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Java

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PublicKey interactions

PublicKeys are meant for public data. Authorized or unauthorized users are able to know of the existence of these keys (via scan) and the data is not encrypted.

Putting a PublicKey Example

Sample code on how to put a public key associated with a public non-encrypted value into your secondary server. Any unauthenticated/authenticated atSign will be able to see the data without decrypting anything.

// 1. establish constants
String ROOT_URL = "root.atsign.org:64"; // root url of the atsign server for fetching secondary address
String ATSIGN_STR = "@bob"; // atSign that we will pkam auth (must have keys in keys directory) 
boolean VERBOSE = true; // true for more print logs 
String KEY_NAME = "test"; // name of the key we will create and put
String VALUE = "I love pineapple on pizza 12345"; // value we will associate with the key

// 2. create AtSign object
AtSign atSign = new AtSign(ATSIGN_STR);

// 3. atClient factory method
AtClient atClient = null;
try {
    atClient = AtClient.withRemoteSecondary(ROOT_URL, atSign, VERBOSE);
} catch (AtException e) {
    System.err.println("Failed to connect to remote server " + e);
    e.printStackTrace();
}

// 4. create a new public key
PublicKey pk = new KeyBuilders.PublicKeyBuilder(atSign).key(KEY_NAME).build();

// 5. put the key
String response = null;
try {
    response = atClient.put(pk, VALUE).get();
} catch (InterruptedException | ExecutionException e) {
    System.err.println("Failed to put key " + e);
    e.printStackTrace();
}
System.out.println(response); // data:<CommitId>

Getting a PublicKey example

Learn how to fetch public data on either your secondary server or another atSign’s secondary server. No decryption is done by AtClient in this process. Be sure that the sharedBy atSign is the atSign that owns this AtKey (aka the atSign that owns the public data) because this is the atSign’s secondary server that AtClient will be looking into.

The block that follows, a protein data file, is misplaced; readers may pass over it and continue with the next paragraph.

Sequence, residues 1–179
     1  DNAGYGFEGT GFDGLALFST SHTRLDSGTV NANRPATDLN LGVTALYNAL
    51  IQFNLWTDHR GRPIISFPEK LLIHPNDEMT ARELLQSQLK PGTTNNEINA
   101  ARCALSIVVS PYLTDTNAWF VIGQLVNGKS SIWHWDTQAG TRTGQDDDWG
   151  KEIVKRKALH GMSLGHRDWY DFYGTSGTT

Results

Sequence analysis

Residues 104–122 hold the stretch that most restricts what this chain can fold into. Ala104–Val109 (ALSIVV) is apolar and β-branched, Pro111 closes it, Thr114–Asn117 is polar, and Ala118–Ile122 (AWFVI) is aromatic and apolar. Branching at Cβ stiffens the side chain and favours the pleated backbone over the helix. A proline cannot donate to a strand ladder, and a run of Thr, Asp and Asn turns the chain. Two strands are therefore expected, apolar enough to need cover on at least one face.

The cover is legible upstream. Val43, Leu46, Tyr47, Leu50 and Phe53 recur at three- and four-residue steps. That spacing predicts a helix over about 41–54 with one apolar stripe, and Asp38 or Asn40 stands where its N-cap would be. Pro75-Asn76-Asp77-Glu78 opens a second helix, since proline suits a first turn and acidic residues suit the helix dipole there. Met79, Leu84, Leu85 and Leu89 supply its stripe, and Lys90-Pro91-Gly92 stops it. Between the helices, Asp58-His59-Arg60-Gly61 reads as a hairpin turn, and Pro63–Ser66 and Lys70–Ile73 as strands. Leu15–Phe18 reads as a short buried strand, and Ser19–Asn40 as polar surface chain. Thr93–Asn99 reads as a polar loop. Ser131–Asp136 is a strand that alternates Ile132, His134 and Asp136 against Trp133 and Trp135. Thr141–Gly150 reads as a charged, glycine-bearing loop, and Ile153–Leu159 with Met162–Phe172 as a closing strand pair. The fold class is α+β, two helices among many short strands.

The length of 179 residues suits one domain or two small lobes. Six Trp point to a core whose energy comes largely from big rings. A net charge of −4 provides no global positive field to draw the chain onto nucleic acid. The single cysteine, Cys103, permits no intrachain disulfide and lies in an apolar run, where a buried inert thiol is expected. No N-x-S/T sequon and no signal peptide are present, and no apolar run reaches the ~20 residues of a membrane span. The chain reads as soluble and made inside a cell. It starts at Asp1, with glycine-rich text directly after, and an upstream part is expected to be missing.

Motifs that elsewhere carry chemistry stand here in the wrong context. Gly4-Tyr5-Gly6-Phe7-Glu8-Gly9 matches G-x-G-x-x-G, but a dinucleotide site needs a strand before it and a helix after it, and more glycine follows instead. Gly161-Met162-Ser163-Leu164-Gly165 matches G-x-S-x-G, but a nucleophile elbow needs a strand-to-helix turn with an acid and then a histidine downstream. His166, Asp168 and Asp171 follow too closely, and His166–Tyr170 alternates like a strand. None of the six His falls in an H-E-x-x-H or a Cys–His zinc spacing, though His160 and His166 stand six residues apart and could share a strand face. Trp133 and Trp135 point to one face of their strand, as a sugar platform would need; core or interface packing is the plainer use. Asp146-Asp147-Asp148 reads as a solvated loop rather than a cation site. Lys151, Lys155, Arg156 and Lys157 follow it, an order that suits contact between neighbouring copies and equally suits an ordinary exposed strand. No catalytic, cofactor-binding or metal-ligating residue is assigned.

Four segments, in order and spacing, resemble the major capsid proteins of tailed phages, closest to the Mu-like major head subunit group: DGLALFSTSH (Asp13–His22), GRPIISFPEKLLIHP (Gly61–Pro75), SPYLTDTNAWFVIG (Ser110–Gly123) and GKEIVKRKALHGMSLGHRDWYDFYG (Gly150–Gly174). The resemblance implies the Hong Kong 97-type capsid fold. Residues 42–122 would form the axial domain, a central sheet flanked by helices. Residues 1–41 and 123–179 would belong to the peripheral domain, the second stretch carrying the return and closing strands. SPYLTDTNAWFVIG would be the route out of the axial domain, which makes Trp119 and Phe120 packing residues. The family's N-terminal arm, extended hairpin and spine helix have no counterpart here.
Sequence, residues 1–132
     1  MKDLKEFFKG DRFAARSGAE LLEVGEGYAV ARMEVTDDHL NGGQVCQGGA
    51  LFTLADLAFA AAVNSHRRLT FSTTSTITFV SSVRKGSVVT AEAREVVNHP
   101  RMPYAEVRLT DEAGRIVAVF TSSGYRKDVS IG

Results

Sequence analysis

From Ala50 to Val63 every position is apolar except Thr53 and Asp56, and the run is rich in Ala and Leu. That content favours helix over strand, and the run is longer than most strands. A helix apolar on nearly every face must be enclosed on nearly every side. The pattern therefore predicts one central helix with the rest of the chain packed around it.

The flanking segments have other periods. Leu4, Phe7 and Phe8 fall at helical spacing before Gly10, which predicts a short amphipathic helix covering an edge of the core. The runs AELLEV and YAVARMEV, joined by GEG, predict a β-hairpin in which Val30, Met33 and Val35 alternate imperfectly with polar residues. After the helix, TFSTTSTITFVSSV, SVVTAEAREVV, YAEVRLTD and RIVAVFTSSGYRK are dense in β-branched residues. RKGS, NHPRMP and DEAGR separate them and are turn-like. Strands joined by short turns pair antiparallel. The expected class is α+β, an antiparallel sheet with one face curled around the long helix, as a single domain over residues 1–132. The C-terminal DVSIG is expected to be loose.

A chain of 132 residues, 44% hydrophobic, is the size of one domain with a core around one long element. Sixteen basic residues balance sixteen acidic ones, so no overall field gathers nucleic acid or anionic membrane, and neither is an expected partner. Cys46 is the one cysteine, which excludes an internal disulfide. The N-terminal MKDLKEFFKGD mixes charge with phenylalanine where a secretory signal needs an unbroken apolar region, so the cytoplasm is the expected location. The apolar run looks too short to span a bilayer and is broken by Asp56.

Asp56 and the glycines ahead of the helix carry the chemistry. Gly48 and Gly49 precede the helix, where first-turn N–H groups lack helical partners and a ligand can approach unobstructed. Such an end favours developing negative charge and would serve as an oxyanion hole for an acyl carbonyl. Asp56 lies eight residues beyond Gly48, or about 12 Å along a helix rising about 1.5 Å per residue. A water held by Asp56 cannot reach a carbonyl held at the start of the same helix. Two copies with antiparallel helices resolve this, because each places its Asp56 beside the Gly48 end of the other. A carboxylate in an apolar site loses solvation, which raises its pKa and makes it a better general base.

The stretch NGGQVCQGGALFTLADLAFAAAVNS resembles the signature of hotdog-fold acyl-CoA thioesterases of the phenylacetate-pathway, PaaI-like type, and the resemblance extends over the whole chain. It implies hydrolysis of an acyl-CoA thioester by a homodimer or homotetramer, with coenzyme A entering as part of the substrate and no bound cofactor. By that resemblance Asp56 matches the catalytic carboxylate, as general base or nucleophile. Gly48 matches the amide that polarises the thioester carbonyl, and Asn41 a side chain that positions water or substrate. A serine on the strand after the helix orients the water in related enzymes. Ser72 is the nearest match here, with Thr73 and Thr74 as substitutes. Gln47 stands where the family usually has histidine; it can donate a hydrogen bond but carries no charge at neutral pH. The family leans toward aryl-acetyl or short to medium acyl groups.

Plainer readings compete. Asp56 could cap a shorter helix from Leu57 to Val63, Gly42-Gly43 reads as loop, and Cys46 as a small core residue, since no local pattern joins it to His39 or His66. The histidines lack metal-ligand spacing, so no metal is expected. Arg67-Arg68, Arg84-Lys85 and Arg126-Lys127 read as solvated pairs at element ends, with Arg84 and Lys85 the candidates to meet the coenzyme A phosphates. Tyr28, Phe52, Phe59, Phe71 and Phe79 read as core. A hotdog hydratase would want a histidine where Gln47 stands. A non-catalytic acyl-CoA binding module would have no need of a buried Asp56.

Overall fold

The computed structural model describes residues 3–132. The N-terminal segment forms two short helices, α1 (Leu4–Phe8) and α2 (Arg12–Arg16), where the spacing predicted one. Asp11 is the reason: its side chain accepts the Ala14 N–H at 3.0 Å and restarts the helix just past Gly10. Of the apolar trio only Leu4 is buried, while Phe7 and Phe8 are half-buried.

// 1. establish arguments
String ROOT_URL = "root.atsign.org:64"; // root url of the atsign server for fetching secondary address
String ATSIGN_STR = "@bob"; // atSign that we will pkam auth (must have keys in keys directory)
boolean VERBOSE = true; // true for more print logs
String KEY_NAME = "test"; // name of the key we will get

// 2. create AtSign object
AtSign atSign = new AtSign(ATSIGN_STR);

// 3. atClient factory method
AtClient atClient = null;
try {
    atClient = AtClient.withRemoteSecondary(ROOT_URL, atSign, VERBOSE);
} catch (AtException e) {
    System.err.println("Failed to connect to remote server " + e);
    e.printStackTrace();
}

// 4. create the key
PublicKey pk = new KeyBuilders.PublicKeyBuilder(atSign).key(KEY_NAME).build();

// 5. get the value associated with the key
String response = null;
try {
    response = atClient.get(pk).get();
} catch (InterruptedException | ExecutionException e) {
    System.err.println("Failed to get key " + e);
    e.printStackTrace();
}
System.out.println(response);

Deleting a PublicKey example

Learn how to delete a public key from your secondary server. You can only delete keys in your own secondary server and must be authenticated (aka the sharedBy atSign must be you, in possession of the .atKeys file).

// 1. establish constants
String ROOT_URL = "root.atsign.org:64";
String ATSIGN_STR = "@bob";
boolean VERBOSE = true;
String KEY_NAME = "test";

// 2. create AtSign instance
AtSign atSign = new AtSign(ATSIGN_STR);
        
// 3. create AtClient instance using factory methods
AtClient atClient = null;
try {
    atClient = AtClient.withRemoteSecondary(ROOT_URL, atSign, VERBOSE);
} catch (AtException e) {
    System.err.println(e);
    e.printStackTrace();
}
// 4. create public key
PublicKey pk = new KeyBuilders.PublicKeyBuilder(atSign).key(KEY_NAME).build();

// 5. delete the key
String response = null;
try {
    response = atClient.delete(pk).get();
} catch (InterruptedException | ExecutionException | CancellationException e) {
    System.err.println(e);
    e.printStackTrace();
}
System.out.println(response);